The science of balāghah has been constructed upon the Arabic poetry alone. Poetry, every one knows, only deals with fine sentence structure, nuances of words and phrases and also manipulation of badī‘.[8]It leaves out a lot including, for example, many aspects of reasoning, relationship of words with the intended meaning, use of examples and parables, various ways of narratives yielding morals, ‘awd ’ila al-bad‘a (going back to the initial discussion), promise [of reward], admonition and stress produced by the overwhelming confidence of the speaker. It also does not cover other important techniques. For example sometime a self sufficient speaker consciously ignores the objections of the addressees. Sometimes he shows pathos like a concerned well-wishing teacher. These and some other techniques used by the eloquent speakers and the divine Books are not covered in this discipline. The scholars could not mention this greater part of styles of expression because they did not treat the speeches of the famous Arab orators. This is possibly because they did not find sufficient material from the oratory of the Arabs while they intentionally disregarded the oratory of the non-Arabs.
Therefore we see that ‘Allāmah Bāqilānī, despite his utmost efforts to unearth the unparalleled Qur’ānic eloquence, [does not cite the oratory and] evokes only Arabic poetry as evidence. He has however recorded some famous speeches as specimen, so that one can see the difference between the two genres of speech, the poetry and the oratory. As regards those of the above mentioned aspects of language which ought to be treated under this discipline and which he did not deal with, they are ten in number. Five of them are intellectual or rational and five emotive or psychic. Since they are the common characteristics of all the languages of the world, we can evoke any language other than Arabic or rather merely allude to them. The Holy Qur’ān itself contains sufficient examples of such devices.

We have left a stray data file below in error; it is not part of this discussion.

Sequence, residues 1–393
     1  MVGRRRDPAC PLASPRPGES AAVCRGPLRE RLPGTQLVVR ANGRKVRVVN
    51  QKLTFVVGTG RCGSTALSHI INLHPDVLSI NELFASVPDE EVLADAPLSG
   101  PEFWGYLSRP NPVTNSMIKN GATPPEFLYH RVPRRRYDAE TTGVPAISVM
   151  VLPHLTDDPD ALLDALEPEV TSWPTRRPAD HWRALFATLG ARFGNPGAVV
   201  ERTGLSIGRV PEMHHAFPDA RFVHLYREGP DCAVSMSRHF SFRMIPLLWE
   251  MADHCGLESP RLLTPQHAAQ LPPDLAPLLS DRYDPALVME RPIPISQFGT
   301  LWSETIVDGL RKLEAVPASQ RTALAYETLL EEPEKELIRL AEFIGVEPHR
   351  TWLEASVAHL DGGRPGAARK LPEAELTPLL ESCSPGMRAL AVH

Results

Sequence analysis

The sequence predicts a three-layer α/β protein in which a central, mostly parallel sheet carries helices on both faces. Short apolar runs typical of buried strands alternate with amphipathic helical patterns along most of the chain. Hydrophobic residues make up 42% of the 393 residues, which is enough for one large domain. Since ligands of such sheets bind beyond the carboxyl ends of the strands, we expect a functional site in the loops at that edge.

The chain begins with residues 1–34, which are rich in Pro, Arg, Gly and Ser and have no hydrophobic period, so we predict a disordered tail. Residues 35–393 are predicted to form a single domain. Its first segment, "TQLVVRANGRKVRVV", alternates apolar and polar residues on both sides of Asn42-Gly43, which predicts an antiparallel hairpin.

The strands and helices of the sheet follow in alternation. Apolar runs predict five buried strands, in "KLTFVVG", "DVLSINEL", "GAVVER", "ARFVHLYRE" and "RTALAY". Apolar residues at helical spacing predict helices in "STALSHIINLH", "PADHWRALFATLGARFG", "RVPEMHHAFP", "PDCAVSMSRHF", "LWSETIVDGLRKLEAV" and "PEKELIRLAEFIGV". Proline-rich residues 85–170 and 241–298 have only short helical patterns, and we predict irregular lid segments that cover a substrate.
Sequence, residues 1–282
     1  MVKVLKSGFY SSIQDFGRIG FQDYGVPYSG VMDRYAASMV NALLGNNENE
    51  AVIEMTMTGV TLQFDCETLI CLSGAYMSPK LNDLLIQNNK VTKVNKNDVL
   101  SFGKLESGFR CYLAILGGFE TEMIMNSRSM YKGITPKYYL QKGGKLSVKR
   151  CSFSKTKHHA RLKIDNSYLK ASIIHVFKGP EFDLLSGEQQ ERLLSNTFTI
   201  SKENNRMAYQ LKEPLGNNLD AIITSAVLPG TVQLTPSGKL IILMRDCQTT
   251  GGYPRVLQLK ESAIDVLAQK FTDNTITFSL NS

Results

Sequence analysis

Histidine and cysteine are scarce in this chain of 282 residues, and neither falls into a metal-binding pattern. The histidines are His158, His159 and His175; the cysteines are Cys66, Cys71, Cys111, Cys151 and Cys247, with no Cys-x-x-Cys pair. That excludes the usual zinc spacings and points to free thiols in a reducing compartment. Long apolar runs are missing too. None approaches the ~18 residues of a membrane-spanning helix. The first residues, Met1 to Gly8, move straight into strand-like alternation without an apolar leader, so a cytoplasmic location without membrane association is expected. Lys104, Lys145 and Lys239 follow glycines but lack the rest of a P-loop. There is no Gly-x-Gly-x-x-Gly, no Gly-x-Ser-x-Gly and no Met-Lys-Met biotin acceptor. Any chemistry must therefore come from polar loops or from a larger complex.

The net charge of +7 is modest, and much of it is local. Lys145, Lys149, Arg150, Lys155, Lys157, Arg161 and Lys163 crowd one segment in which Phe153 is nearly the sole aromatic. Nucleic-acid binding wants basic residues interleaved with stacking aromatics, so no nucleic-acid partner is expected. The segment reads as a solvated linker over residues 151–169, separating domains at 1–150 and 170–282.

The discipline of balāghah, in its present form, does not help in understanding the styles of expression employed by the Holy Qur’ān. Most of the contributors in this discipline were non-Arabs, who found it difficult to study, analyze and understand the Arabic styles of expression. Therefore, it would not be fair to complaint over what they failed to accomplish. We should rather thankfully acknowledge that they successfully laid foundations of the science. They sometimes reached at the correct conclusion and at some other instance only referred to what they targeted at.
To further explain my point I will discuss some of the Arabic styles of expression in a separate introduction to this book. I will also discuss the meter and its use in a separate introduction.[9]

 


[1].The Holy Qur’ān 2:70
[2]. ibid.
[3].The Holy Qur’ān 2:71
[4].Traditions reported by a few or single narrator in each layer of the chain of transmission.
[5].And He taught Adam all the names. (Qur’ān 2:31)
[6]. Nothing hinders us from giving signs except that the ancients disbelieved them. (Qur’ān 7:59)
[7].Farāhī, however, could not accomplish this task. However, the manuscripts he has left contain some guidance around fundamental issues in this regard which, though resolve many knotty questions on the topic, yet do not suffice as a guide out of the problems highlighted here. (Iṣlāḥī)
[8].Badī‘ is a branch of balāghah which deals with the use of literary devices like mubālaghah (emphatic statement), istiṭrād (digression), muṭābaqah (contrasting parts), tajnīs (paronomasia) etc (For detail see Mir, The Coherence in the Qur’ān: A Study of Iṣlāḥī’s Concept of Niẓām in Tadabbur-i Qur’ān (Indianapolis: American Trust Publications, 1986)
[9].This however does not form part of these introductions. The author has discussed the topic in his book ‘Jamharah al-Balāghah’ (A Manual of Rhetoric) (Al-Dā’irah al-Ḥamīdiyyah,A‘zamgarh, India).
_________________________
(Translated by Tariq Mahmood Hashmi from Muqaddamah Nizam al-Qur'an)

 

Author: Hamid Uddin Farahi